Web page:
This version of Less (which is a fork, see below), is made available under the terms of the Less License, located in the file LICENSE. Some of the source files may be also distributed under the GPLv3, and the implementations of strlcpy and strlcat (which will not be used if your platform supplies them) are provided courtesy of OpenBSD under an MIT-style license. (See the source code files for more specific details.)
The original Less v458 carried the following notice:
This is the distribution of less, version 458, released 04 Apr 2013. This program is part of the GNU project (http://www.gnu.org). This program is free software. You may redistribute it and/or modify it under the terms of either: 1. The GNU General Public License, as published by the Free Software Foundation; either version 3, or (at your option) any later version. A copy of this license is in the file COPYING. or 2. The Less License, in the file LICENSE.
This modified distribution is generally made available under the terms of Less License, and we have chosen the Less License as the terms under which we distribute our changes.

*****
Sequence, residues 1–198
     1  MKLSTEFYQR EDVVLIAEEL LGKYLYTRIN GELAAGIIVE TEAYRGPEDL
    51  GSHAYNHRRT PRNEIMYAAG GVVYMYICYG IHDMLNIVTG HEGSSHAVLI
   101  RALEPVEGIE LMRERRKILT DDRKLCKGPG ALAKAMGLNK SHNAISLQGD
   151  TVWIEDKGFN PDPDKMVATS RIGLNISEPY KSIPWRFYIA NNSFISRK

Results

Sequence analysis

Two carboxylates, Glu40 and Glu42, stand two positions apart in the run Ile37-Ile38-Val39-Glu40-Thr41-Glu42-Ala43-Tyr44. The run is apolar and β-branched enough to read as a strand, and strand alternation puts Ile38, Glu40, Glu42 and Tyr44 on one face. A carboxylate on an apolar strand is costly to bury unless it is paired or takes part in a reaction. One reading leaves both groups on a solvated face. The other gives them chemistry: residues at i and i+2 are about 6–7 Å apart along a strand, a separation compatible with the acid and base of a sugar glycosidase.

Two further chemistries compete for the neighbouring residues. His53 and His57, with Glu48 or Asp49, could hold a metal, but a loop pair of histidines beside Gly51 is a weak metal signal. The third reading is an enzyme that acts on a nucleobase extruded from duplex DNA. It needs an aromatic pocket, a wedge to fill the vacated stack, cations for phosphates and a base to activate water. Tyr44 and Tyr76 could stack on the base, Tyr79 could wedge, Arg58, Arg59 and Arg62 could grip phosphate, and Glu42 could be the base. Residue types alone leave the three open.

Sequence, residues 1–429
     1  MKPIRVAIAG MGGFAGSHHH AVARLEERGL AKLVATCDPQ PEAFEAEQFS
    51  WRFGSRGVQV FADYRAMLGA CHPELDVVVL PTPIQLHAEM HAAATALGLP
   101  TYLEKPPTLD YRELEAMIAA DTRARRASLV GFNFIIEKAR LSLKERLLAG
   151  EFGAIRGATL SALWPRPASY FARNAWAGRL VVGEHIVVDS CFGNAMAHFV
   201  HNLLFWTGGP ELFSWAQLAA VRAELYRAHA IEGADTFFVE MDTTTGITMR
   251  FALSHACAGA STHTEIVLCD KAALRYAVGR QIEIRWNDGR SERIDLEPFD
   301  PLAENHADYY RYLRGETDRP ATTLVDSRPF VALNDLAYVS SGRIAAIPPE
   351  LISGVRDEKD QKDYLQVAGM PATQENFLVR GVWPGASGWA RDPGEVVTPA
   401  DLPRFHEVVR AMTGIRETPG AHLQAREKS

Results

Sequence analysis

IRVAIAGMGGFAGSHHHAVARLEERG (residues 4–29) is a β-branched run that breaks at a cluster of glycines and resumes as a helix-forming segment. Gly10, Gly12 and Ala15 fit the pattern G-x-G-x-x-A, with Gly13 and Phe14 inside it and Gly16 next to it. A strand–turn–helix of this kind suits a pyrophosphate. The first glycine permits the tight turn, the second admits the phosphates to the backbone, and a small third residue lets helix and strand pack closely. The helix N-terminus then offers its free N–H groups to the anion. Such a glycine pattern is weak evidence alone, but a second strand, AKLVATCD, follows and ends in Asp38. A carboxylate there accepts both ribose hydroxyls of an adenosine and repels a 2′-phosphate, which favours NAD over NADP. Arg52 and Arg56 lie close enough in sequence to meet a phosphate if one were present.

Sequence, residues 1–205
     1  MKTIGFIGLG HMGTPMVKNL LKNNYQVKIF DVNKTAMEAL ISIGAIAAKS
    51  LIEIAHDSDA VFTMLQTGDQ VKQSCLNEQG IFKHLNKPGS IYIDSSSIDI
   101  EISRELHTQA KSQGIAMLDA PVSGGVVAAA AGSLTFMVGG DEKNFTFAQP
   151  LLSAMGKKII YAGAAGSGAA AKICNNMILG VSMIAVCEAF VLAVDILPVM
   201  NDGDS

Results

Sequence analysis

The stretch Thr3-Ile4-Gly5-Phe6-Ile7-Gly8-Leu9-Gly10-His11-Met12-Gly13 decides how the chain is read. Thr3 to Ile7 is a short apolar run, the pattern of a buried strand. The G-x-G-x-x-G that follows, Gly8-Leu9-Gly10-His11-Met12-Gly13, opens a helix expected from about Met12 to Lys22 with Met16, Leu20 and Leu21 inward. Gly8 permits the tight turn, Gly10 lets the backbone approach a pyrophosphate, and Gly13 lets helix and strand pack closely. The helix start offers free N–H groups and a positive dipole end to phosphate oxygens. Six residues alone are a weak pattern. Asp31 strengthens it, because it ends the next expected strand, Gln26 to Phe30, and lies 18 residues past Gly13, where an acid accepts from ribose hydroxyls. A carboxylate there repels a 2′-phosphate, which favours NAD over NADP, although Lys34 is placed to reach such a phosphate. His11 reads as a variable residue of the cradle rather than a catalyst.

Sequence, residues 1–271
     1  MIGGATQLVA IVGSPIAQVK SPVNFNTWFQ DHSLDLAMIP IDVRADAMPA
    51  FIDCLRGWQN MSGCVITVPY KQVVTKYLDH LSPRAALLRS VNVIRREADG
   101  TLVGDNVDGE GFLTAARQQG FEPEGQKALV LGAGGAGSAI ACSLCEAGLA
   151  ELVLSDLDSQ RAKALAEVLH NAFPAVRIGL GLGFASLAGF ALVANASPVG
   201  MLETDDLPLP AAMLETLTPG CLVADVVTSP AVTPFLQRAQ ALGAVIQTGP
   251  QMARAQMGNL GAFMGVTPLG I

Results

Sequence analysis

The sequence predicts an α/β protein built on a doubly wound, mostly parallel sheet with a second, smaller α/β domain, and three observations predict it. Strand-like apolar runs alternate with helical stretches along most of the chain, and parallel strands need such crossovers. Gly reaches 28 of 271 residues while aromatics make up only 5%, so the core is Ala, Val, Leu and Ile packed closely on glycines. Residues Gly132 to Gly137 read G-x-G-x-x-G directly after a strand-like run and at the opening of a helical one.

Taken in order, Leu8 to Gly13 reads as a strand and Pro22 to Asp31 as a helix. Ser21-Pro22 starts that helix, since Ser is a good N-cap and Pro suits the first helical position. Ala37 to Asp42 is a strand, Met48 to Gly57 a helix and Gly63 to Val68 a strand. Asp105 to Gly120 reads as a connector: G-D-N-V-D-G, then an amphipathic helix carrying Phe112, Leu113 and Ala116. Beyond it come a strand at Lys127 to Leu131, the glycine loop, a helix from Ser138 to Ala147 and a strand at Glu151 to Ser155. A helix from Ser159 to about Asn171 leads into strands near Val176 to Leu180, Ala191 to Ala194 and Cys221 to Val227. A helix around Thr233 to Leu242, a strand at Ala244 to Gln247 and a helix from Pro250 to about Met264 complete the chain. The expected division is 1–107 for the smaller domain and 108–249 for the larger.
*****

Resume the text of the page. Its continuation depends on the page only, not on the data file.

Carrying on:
This is a version of LESS, a file viewer, that has been modified heavily. It is based on Mark Nudelman's original program, Less v458. The original less is located at http://www.greenwoodsoftware.com/less/
This version is modified to work better on POSIX systems, and uses APIs that older systems and non-POSIX platforms might lack. In many cases these newer APIs have improved safety or performance.
It is also modified to substantially improve its compliance with the POSIX
specifications when running as
more. We believe that when called as
less fully implements both Issue 6 and Issue 7 specified behaviors of the more
Finally, substantial effort has been invested to improve the readability and maintainability of the code, and to avoid reimplementing library functions found on standard systems.
An incomplete list of changes is located in the file CHANGES.
Mark Nudelman created the original Less program, which we have used for many years on many platforms.
The OpenBSD team has contributed a number of improvements, mostly oriented around safety and hardening of the code.
If you have CMake 3.1 or newer, then that is probably the best option:
$ mkdir build $ cd build $ cmake .. $ make
Alternatively, you can use the Makefile where we have some default
targets based on build type. Use
make STD=<x> where
x is one of:
See the Makefile for more details. There is a
STD=default option you can
try if your platform isn't listed. (CMake is more likely to yield a positive
result in this case, however.)
- Garrett D'Amore <firstname.lastname@example.org>, Aug. 3, 2017